Fun and soggy night made all the more fun by our Guesties.

St. Peter? St. Paul? Someone...

Craftsmen with senses of humor. Igloos and husky dogs.

February 2011 Activity -- Victorian Valentine Making

Make your own Victorian Valentine
Sunday, February 13, 2011
Drop-in any time between 1:00-4:00pm
Cost: $5/person
Lee-Fendall House Museum and Garden
614 Oronoco Street
Alexandria, VA  22314

The Dilettantes are nothing if not proper Victorian ladies, so this activity seemed like a perfect fit.

We met at the Lee-Fendall House at 2:00pm and were the only three people participating in the card making at that time. We got a bit of information from a woman who worked there on the Victorian style and which elements we might want to include in the cards to make them more authentic -- such as lace and flowers. And chamber pots.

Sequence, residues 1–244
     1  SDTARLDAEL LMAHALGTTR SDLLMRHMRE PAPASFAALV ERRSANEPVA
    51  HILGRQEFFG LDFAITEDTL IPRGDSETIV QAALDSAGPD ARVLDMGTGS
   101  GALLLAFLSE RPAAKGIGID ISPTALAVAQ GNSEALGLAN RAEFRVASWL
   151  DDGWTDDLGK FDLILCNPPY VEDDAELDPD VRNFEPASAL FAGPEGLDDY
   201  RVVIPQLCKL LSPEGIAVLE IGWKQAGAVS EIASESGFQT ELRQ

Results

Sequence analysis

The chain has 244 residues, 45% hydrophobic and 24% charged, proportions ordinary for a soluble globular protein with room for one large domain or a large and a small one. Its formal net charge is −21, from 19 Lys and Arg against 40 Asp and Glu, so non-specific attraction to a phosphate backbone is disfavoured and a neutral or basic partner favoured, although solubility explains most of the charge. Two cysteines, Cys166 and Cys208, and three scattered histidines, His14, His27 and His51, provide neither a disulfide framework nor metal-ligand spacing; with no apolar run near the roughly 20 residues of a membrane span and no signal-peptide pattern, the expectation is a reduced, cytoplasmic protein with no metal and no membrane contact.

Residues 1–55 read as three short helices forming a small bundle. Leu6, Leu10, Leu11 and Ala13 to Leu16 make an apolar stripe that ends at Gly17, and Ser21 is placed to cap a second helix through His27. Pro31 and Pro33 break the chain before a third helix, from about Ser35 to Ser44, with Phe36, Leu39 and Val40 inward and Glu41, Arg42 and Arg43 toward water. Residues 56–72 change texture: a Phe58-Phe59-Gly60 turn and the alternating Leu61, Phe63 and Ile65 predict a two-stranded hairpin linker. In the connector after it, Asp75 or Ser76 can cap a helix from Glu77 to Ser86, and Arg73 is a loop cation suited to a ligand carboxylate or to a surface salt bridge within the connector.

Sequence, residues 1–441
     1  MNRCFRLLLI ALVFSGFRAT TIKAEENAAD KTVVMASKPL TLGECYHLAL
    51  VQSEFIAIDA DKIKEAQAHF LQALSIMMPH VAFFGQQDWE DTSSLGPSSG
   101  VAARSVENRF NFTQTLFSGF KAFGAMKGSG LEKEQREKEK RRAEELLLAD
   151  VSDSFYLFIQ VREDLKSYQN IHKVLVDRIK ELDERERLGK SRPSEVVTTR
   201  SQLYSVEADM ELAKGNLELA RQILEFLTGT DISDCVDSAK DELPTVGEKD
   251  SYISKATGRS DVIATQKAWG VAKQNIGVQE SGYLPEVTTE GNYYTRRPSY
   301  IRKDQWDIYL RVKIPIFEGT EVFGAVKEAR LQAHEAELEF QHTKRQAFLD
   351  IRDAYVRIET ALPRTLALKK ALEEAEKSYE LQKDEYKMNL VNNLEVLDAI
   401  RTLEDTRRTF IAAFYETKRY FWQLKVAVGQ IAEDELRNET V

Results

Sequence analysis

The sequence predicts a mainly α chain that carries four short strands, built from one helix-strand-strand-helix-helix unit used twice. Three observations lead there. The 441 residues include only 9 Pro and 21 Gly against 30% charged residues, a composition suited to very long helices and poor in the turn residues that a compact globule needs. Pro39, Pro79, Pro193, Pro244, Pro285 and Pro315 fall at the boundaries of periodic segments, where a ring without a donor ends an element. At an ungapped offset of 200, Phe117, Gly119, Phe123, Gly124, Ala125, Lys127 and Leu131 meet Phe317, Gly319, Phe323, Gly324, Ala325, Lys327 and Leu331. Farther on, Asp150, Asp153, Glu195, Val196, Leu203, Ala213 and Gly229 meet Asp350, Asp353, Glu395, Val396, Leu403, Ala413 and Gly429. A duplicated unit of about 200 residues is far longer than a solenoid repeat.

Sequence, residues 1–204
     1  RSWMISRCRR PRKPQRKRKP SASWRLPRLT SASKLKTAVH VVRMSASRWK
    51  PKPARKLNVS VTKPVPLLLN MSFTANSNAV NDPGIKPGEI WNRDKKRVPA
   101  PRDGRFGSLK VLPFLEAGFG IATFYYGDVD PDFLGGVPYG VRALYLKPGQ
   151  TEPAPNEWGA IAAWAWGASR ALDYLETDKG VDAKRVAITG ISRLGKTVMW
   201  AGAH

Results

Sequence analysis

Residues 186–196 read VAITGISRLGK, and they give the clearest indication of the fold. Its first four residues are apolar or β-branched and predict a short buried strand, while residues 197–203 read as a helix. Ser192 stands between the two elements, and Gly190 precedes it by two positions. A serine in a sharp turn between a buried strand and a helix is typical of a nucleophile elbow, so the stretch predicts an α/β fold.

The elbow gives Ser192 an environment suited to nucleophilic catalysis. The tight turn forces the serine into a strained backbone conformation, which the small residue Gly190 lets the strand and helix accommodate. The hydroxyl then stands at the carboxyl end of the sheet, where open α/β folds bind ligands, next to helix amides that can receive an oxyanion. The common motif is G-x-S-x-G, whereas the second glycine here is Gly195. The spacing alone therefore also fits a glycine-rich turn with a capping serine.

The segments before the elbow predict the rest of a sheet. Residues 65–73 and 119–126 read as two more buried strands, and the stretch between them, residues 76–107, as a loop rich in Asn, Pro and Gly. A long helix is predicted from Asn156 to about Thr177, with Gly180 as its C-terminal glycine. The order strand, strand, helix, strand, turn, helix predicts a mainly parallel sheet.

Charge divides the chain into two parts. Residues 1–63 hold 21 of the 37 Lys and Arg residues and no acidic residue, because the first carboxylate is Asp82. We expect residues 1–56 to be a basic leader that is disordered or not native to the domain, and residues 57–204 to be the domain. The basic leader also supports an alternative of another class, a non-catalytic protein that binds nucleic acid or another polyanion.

Supposedly, different flowers meant different things in Victorian times, so your Valentine could include many different messages based on the floral element you chose to include:

Acacia = secret love
Bachelor Button = celibacy
Baby's Breath = everlasting love
Candytuft = indifference
Yellow Carnation = rejection
Grass = submission

There was also a flower whose meaning translated into "spleen." Which is pretty great, really, as that is a message we've all wanted to send to someone on Valentine's at some point, but were never really sure how to work that in.

Then, we had free reign of a huge amount of craft supplies -- glue, decorative paper, lace, googly eyes (WTF?), feathers, ribbon and stamps. From this, we each came up with a unique Valentine.